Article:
Hostaria da Fanio - Hotel e Ristorante venezia rialto
How arrive
  Hotel Restaurant da Fanio
Via I° Maggio, 54
30023 Concordia Sagittaria (Venice)
Tel. +39.0421.270462
Closing day Tuesday
Venice is the main city in the north-east of Italy and capital city of the Veneto province and region. Rising on the Veneto Lagoon, it is situated at 28 Km from Treviso and 30 Km from Padova.
In 1979 the city and the whole of the Lagoon were declared by UNESCO patrimony to humanity. Today Venice is divided in six areas: Dorsoduro, Santa Croce, San Polo, San Marco, Cannaregio and Castello. It has grown in well over 118 islands linked by 354 bridges and divided by 177 canals. Saint Mark’s square can be considered the city’s “centre of centres”. It is the only square in Venice (the others are only “campi” or “campielli”), one of the most beautiful squares in the world and where you can find the Basilica, the Ducale Palace and Saint Marks’s bell tower.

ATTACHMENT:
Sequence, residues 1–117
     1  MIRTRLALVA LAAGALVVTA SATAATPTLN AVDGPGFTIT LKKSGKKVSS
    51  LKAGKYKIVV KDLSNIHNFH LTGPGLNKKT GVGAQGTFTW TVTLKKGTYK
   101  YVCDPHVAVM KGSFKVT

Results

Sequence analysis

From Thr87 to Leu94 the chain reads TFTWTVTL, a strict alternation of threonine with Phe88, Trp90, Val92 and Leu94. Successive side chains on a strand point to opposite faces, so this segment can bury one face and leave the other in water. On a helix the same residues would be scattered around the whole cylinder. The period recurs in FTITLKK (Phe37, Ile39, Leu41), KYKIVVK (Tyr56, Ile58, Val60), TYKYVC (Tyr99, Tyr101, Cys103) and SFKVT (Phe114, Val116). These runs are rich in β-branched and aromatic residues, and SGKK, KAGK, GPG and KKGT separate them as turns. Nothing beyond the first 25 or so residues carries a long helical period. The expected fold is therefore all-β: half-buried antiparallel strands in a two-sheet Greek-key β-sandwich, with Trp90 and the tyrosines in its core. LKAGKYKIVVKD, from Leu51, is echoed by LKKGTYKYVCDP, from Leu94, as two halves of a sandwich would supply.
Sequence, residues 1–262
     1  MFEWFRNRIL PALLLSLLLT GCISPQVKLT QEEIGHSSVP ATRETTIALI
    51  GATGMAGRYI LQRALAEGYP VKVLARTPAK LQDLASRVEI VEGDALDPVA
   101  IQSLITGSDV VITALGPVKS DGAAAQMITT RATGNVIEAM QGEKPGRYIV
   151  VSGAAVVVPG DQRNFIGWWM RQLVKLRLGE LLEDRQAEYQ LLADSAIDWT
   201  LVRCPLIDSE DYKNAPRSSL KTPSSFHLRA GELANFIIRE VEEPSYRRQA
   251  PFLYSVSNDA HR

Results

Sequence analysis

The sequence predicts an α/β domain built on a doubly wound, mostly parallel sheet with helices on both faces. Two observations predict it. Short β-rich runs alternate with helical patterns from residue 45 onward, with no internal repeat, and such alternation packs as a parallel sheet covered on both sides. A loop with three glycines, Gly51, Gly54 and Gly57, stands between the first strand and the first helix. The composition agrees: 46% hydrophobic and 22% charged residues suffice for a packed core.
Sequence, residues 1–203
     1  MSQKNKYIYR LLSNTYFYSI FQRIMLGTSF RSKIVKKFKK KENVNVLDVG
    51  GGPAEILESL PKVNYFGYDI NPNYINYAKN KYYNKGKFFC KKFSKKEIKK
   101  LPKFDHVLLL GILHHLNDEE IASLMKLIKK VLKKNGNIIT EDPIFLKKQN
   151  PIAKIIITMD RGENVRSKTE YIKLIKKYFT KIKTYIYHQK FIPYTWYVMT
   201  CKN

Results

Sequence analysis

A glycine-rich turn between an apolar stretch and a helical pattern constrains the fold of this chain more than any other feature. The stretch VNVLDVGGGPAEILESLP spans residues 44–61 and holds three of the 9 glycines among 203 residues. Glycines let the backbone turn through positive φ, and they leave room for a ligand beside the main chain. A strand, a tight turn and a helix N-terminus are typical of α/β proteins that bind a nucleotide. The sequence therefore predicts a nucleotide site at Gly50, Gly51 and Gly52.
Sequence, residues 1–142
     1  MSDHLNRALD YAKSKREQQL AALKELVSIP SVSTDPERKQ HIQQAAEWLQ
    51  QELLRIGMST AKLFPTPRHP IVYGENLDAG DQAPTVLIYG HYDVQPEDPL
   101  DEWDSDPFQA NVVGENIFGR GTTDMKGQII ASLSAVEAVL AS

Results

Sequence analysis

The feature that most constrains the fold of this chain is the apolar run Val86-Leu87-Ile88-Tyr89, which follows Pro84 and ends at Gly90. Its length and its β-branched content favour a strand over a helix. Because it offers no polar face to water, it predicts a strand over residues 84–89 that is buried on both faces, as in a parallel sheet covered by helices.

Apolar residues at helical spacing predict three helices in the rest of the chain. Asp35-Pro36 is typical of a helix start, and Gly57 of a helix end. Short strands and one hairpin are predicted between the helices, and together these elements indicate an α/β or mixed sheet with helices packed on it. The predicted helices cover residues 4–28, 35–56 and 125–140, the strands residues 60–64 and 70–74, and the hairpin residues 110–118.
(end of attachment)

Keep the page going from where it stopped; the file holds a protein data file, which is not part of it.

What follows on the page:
Another symbol of Venice is the Rialto Bridge where you can find the characteristic Venetian “botheghe”. Other important Venetian monuments are the Arsenale, the Santa Maria della Salute Church, the Santa Maria Basilica and the Ghetto’s synagogues.
hotel venezia
Padova offers an artistic patrimony of great beauty.
Residence to one of the oldest universities in Europe, Padova is known to the world for its thirteenth century Basilica of Saint Antonio and for its superb frescos produced by Giotto which are found at the Capella degli Scrovegni.
hotel venezia
Padova is one of Italy’s most important art cities.
Each year, hundreds and thousands of tourists visit Verona and remain enchanted by the beauty of its historical centre.
The Arena and Juliet’s house are the most renowned locations but every angle and every square has a fascinating history which originate in other times.
hotel venice
Albergo Ristorante da Fanio - Via I° Maggio, 54 - 30023 Concordia Sagittaria (Venezia) - Tel. +39.0421.270462 - P.IVA 00110110277
Project by
Città d'arte in Veneto: Venezia, Padova, Verona - Musei, Monumenti, Archeologia